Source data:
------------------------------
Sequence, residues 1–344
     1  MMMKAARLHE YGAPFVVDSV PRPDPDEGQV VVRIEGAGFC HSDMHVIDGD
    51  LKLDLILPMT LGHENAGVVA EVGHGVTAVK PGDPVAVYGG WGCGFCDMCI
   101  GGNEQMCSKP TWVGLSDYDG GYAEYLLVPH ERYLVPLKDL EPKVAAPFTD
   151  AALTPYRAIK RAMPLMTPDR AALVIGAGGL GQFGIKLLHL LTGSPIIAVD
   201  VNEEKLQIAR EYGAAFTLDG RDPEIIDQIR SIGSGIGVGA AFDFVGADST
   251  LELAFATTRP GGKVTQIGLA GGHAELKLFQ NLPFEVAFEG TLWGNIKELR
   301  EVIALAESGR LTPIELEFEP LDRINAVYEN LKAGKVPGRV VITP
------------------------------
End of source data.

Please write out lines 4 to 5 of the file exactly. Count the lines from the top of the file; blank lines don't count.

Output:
   101  GGNEQMCSKP TWVGLSDYDG GYAEYLLVPH ERYLVPLKDL EPKVAAPFTD
   151  AALTPYRAIK RAMPLMTPDR AALVIGAGGL GQFGIKLLHL LTGSPIIAVD